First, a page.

but if everybody tries to do it for themselves  then in my country, London would cover half of England and England would cover half of  Europe and Europe would cover the whole world.   There wouldn't even be physical room for everybody to live, let alone the ecological space. ALI: Being able to measure environmental impact has been crucial not only to help identify which human activities, communities and countries bear the biggest responsibility for climate harm but also to understand the populations that bear the biggest brunt of it all. A paper published in the science and medical journal The Lancet in September 2020 sought to quantify national responsibility for climate breakdown. The findings indicated that high-income countries - most of them among the most industrialised nations in the global north were responsible for 90% of excess emissions. Back in March, as the enormity of the COVID crisis was becoming clear, I saw this tweet from a climate change activist. It said:

“If the media covered the #climatecrisis the way they are covering the #coronavirus - constantly & thoroughly then the public would be awake to the crisis & the whole world would be mobilising to stop it. Like folks have said: Climate Change needs to hire #COVID19's publicist.” I asked George & Eliane what they thought of this...

GEORGE: It's a really interesting thought and quite a clever and cheeky way to put it. It has to be said, first off, that a lot of governments communication on coronavirus has been really, really bad. But the coronavirus kind of does its own communication, issues its own warnings. And says, "Right, you've got to wash your hands. You've got to practise physical distancing. You've got to do all the things which this virus demands" - and it becomes an imperative.

GEORGE: You know, governments have been forced to step up and have been forced to tell us what to do. and I think now they need to tell us what to do  with climate breakdown. It's all very well saying "we're building new airports, but please don't fly" and "we're encouraging economic growth, but please minimise your material footprint." I mean, the messages are just so confused that all you end up with is cognitive dissonance. ALI: The drastic response demanded by COVID inadvertently gave us a glimpse of what we thought serious and somewhat sustained change could look like.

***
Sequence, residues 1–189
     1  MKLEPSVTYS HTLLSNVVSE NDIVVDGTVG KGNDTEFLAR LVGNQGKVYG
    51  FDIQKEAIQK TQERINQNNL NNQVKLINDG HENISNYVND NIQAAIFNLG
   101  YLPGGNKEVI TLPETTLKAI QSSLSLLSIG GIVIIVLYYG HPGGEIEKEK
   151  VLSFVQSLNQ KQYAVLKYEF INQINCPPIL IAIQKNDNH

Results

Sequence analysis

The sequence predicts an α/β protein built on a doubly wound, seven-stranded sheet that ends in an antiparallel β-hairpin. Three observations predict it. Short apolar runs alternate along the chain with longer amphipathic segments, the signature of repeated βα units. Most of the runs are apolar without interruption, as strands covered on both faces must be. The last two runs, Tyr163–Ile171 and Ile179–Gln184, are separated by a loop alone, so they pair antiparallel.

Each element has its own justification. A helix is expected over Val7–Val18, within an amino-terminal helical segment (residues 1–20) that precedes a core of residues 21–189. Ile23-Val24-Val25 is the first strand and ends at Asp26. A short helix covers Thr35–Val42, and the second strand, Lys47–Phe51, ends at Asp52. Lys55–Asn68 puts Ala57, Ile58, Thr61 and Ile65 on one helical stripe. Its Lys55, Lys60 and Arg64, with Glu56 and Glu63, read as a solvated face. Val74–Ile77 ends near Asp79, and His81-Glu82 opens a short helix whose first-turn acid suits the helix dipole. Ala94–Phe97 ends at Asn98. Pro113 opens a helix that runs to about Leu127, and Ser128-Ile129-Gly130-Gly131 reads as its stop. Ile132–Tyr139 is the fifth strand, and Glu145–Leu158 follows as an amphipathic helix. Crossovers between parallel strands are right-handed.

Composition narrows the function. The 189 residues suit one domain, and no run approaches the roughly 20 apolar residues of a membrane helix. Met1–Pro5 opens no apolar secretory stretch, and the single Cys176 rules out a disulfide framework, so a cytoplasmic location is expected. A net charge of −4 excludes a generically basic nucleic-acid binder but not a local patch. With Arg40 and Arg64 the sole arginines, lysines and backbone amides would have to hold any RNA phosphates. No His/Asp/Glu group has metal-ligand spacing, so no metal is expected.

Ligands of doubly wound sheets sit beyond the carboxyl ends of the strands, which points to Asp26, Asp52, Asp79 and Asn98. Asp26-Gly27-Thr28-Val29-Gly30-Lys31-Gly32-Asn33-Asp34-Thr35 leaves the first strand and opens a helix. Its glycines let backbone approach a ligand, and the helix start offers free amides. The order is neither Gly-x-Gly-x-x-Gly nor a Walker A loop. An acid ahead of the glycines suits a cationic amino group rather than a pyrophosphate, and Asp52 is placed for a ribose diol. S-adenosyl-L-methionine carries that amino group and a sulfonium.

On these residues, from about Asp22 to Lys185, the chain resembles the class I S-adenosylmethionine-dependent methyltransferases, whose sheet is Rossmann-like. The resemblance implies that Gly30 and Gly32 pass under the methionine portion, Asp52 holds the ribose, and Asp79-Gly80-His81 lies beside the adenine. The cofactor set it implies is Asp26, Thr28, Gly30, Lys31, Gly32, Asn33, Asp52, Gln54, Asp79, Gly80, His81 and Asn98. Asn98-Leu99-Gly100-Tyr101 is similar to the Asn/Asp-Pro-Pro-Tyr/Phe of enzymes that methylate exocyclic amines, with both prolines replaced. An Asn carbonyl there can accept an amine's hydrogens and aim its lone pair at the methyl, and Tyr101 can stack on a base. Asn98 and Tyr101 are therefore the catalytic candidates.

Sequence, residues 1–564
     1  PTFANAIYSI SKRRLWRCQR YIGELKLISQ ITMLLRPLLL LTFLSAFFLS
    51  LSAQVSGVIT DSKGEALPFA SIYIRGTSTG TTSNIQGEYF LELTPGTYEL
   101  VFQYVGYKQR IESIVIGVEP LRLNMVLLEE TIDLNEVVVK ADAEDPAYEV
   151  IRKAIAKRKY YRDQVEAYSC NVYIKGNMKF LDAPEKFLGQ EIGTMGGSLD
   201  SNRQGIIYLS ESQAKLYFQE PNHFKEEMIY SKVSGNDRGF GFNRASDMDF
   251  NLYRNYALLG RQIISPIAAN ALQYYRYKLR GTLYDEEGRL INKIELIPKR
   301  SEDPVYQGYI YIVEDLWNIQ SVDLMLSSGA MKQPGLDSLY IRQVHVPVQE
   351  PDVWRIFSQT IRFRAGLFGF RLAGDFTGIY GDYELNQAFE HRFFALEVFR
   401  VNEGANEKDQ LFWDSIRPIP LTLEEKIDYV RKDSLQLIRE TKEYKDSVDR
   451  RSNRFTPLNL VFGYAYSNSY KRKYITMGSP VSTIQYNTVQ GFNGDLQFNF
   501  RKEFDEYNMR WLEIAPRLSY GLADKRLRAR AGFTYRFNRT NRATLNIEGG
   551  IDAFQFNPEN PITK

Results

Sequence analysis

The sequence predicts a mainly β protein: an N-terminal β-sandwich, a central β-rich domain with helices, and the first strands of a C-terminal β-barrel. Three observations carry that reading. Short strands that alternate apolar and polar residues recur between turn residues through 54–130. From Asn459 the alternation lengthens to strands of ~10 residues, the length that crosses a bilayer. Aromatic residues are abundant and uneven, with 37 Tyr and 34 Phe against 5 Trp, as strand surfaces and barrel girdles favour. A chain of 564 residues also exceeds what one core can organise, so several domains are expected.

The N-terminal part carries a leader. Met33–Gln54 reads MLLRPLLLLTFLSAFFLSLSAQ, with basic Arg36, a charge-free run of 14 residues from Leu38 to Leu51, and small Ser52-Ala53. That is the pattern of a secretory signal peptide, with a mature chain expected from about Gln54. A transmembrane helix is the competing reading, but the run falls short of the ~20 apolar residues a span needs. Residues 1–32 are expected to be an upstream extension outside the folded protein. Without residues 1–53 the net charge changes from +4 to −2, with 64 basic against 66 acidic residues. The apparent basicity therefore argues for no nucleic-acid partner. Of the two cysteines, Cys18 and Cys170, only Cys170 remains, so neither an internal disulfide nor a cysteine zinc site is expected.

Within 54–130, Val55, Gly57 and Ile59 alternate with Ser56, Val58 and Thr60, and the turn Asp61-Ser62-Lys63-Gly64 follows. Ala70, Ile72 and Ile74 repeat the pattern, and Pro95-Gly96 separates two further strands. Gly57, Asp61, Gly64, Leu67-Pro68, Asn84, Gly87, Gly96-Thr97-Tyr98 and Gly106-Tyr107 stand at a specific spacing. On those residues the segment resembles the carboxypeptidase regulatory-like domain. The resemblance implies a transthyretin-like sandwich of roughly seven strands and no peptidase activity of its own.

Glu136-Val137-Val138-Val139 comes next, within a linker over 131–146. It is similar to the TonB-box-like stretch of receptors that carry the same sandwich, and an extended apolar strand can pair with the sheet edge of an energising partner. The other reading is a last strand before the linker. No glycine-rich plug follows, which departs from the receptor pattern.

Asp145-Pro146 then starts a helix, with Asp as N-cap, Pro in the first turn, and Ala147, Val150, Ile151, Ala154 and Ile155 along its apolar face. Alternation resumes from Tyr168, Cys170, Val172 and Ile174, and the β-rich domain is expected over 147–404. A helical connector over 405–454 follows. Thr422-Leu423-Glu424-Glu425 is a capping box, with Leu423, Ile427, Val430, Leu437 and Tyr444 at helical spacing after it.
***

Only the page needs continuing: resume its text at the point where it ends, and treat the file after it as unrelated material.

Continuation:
As the virus spread around the world, air travel ground to a halt, car trips were significantly cut back, industrial manufacturing dipped and yet, data in June revealed only a 5% lower emissions than at the same point in 2019 even though normal activity has not yet fully restarted. The target we need to hit to avert the climate catastrophe predicted by the UN back in 2018 - is an emissions reduction of 7.6%. So our unexpected experiment in reducing our ecological impacts has revealed the sheer extent of the changes we have to make for the health of the planet. But as governments address the economic fall out of the pandemic environmental regulations and laws in place across many countries - are being weakened or torn down at alarming speed. This was particularly evident in the United States, where limits on pollution and carbon emissions were lifted and Brazil where there was a huge surge in executive acts by President Jair Bolsonaro. BILL: If you think of what's been happening in Brazil, the destruction of the Amazon the abandonment of environmental regulations, the increased deforestation of the one of the most biodiverse habitats on the planet - it's a travesty against all humankind.

But it's not that much different from what goes on in every other capital on earth where governments are beholden to this growth ethic. When everyone talks about getting back to normal. We talk about getting back to a 2% annual growth that is minimally acceptable on a national basis. The 3% growth that's minimally acceptable for the world as a whole Those are prescriptions for the continued scouring of the planet.